UK energy grid charges force closure of Longannet power plant in Fife


Ageing coal plant will shut down in March 2016 after bid dispute

SCOTTISH POWER has confirmed that Longannet coal power plant will shut down, despite attempts to find a financial package to secure its operations as part of the energy grid.

Longannet had its bid for a national grid connection rejected, meaning that high transmission charges made the plant unsustainable.

Both the plant owners and the Scottish Government have pinpointed blame for the high transmission charges on the UK Government, which regulates the energy network.

The closure of the plant will result in over 230 job losses and amplify challenges to Scotland’s energy network.

Energy Minister Fergus Ewing, commenting on the announcement, said: “Scottish Power’s decision to close Longannet in March 2016 is deeply regrettable and has far reaching consequences for Scotland.

“This is a worrying time for Longannet workers and the Scottish Government and its agencies will do everything possible to support the 230 directly employed staff who will be affected by this announcement.

“Today’s decision is ultimately an unfortunate and direct result of the UK’s discriminatory transmission charging system that penalises Scottish electricity generators in comparison to those in the south of England. In Longannet’s case the extra charges amount to PS40 million per year. However, despite raising our concerns repeatedly with the prime minister, absolutely nothing has changed,” he continued.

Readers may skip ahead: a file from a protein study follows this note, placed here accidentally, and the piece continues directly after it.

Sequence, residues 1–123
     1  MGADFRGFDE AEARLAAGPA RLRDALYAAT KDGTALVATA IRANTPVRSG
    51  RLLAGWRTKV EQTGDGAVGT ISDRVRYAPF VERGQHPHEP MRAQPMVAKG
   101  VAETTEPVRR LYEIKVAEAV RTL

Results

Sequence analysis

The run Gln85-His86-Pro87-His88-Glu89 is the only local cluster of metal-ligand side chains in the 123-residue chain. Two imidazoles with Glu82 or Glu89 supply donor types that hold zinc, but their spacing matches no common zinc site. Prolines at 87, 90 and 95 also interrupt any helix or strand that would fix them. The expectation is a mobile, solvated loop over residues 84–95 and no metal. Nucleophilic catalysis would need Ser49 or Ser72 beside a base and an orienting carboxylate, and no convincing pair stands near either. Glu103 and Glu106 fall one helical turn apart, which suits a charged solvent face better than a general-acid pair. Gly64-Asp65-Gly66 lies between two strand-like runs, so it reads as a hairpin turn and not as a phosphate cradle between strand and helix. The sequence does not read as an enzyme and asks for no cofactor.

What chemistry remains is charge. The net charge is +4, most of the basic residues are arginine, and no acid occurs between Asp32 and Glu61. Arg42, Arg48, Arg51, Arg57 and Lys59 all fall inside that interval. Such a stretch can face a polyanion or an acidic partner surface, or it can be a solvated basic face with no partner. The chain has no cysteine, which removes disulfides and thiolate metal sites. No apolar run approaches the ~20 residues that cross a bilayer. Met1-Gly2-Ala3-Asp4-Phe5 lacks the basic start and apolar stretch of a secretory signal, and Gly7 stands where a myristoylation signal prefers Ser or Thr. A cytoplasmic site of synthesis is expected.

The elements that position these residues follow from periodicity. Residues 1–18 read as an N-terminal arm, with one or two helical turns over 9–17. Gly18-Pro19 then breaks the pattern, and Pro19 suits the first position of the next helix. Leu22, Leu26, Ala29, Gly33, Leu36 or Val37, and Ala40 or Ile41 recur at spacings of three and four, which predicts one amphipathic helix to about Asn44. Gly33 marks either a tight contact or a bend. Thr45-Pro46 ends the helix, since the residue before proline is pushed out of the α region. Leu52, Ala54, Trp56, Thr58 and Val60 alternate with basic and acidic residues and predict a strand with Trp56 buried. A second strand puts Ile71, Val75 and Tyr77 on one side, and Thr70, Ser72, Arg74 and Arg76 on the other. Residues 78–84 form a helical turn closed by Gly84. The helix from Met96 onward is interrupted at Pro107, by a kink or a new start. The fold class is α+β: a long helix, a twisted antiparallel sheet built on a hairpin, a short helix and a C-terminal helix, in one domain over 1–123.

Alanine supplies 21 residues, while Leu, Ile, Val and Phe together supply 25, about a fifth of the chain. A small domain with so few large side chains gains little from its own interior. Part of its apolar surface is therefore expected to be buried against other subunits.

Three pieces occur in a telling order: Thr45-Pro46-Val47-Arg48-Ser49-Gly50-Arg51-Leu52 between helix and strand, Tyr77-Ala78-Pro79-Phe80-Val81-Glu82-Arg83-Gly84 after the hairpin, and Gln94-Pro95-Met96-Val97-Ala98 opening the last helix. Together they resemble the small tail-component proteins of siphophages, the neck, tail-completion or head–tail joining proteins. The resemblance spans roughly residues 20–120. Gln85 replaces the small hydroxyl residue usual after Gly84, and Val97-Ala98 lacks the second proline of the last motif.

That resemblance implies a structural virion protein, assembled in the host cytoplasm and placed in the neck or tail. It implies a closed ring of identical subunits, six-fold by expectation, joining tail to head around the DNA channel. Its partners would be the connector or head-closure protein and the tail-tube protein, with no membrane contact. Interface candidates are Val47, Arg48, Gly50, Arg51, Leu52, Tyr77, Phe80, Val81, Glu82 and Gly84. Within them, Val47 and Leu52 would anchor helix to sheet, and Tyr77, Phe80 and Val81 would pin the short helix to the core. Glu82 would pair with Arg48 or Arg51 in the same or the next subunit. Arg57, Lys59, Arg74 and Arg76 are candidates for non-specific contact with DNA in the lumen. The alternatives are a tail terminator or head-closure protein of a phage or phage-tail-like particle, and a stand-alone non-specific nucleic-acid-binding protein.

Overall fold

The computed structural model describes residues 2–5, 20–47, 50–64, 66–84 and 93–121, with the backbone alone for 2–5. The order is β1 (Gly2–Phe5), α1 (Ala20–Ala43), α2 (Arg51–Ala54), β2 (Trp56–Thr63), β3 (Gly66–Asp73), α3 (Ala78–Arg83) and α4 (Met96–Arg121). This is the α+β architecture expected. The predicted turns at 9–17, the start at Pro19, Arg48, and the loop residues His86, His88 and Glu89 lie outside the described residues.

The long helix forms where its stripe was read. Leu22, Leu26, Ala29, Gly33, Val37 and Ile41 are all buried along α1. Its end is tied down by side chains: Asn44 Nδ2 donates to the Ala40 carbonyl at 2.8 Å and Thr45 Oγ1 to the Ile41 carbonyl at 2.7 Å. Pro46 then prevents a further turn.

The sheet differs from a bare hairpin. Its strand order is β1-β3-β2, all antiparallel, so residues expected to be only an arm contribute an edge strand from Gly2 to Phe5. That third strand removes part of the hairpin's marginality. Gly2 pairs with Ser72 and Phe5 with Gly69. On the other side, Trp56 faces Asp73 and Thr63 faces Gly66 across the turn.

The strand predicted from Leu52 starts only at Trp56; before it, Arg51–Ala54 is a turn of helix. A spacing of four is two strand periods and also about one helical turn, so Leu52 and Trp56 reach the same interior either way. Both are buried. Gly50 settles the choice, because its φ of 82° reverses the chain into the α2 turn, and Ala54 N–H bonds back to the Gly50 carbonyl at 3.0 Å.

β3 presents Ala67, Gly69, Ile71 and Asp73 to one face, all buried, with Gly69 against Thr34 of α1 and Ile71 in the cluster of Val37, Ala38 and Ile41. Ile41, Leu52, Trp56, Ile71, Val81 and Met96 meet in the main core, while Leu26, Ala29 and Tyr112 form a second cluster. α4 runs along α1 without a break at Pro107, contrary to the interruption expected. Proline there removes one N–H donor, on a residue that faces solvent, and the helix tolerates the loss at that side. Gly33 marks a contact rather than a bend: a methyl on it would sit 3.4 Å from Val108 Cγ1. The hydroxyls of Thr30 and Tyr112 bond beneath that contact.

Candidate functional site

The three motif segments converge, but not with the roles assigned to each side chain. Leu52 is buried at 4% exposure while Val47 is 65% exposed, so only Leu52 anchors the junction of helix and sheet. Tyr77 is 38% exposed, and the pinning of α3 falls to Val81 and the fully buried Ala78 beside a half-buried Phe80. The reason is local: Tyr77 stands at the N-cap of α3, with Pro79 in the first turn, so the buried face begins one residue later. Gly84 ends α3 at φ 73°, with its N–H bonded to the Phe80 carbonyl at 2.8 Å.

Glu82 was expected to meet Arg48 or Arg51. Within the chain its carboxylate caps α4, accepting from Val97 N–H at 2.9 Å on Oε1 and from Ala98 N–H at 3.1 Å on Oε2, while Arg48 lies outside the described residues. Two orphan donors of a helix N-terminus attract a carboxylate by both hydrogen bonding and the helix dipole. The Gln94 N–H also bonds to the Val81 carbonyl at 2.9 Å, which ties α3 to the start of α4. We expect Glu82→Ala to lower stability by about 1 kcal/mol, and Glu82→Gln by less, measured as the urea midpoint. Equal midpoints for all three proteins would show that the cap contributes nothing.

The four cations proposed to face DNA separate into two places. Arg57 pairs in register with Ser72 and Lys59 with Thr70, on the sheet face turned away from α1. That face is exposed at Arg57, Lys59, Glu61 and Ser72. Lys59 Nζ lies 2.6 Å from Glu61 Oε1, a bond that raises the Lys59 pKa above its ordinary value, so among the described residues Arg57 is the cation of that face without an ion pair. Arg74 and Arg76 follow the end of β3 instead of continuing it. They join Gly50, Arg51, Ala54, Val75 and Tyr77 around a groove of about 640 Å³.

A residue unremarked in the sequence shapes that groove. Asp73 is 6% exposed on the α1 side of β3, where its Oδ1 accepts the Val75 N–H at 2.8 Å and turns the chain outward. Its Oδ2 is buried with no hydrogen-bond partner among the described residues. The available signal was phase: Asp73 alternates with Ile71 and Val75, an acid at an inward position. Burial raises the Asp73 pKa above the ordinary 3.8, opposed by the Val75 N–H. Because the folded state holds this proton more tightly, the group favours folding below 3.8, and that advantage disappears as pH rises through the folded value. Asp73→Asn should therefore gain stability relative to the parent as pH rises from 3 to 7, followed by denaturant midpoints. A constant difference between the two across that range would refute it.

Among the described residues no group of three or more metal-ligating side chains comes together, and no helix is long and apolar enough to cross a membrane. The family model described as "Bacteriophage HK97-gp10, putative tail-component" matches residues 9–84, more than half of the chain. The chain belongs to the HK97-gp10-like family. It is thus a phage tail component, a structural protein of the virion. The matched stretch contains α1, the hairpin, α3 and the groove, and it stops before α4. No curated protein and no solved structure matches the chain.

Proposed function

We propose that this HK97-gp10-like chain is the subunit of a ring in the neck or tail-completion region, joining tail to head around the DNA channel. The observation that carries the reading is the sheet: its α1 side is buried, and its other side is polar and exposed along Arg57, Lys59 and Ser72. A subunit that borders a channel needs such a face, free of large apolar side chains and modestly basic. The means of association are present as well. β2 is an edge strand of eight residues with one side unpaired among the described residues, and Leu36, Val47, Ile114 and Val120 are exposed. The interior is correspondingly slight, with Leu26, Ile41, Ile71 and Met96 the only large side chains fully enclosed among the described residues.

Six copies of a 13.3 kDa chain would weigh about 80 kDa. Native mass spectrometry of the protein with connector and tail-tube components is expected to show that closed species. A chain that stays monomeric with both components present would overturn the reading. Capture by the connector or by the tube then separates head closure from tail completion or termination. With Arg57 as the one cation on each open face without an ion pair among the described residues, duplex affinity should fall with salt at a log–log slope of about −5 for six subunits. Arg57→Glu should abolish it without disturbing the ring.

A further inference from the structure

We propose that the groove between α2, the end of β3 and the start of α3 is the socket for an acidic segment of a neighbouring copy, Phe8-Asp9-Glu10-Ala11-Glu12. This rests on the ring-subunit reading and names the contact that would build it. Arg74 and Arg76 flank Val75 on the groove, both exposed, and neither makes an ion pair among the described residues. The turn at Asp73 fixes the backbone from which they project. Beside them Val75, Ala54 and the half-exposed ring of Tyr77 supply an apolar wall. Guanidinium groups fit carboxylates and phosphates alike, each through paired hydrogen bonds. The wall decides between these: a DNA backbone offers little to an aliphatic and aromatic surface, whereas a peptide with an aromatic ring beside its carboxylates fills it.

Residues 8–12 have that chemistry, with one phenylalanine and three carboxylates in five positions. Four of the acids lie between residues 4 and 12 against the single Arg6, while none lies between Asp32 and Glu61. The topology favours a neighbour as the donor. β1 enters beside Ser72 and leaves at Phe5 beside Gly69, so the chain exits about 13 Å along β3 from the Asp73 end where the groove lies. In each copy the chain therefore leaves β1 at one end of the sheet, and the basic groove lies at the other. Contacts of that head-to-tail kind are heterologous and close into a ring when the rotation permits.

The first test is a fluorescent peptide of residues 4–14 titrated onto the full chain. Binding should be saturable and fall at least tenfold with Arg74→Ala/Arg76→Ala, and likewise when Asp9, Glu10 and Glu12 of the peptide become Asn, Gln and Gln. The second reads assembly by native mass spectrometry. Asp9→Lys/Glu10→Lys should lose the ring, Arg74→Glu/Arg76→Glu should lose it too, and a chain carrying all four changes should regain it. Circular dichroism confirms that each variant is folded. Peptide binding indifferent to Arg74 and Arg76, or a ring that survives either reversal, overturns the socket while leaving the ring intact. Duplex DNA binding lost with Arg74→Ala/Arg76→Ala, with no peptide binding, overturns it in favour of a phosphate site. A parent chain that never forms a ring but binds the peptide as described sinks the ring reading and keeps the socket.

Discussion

The Scottish Government aims to reach 100 per of gross electricity consumption from renewable sources by 2020.

Pro-renewable energy groups argue that the closure of Longannet can provide a catalyst to investing in wave, wind and tidal energy projects to provide security of energy supply.

WWF Scotland director Lang Banks said: “This announcement marks an historic, but important step in Scotland’s energy transition. While Longannet has served the nation for many years, it is Scotland’s single biggest source of climate emissions and a combination of its age, air pollution rules, carbon pricing and transmission charging have made closure inevitable.

“The recent Scottish Parliament inquiry into energy security provided ample evidence from the national grid and other experts that Scotland’s electricity supply is absolutely secure without Longannet. Indeed, Scotland will continue to remain a net annual exporter of power to the rest of Great Britain and an integrated part of the most secure electricity grid in Europe.”

The Scottish Government aims to reach 100 per of gross electricity consumption from renewable sources by 2020.

Environmental research titled ‘Pathways to power’ suggests that it’s possible to exceed this target and generate an energy surplus from renewable sources.

Local MP for the Longannet site, Douglas Chapman, said: “This is very disappointing news and particularly for the workforce – families and communities who depend on Longannet, it will be a very worrying time for them. It has been long expected but that does not lessen the blow or the anxiety in the community. The key threat to Longannet’s future has always been the UK’s energy policies. We urgently need a fair and level playing field with the rest of the UK and the current transmission charging regime is far from that.”

Energy Minister Fergus Ewing has committed to making a statement to parliament on the issue once Holyrood is back in session.

Picture courtesy of B4Bees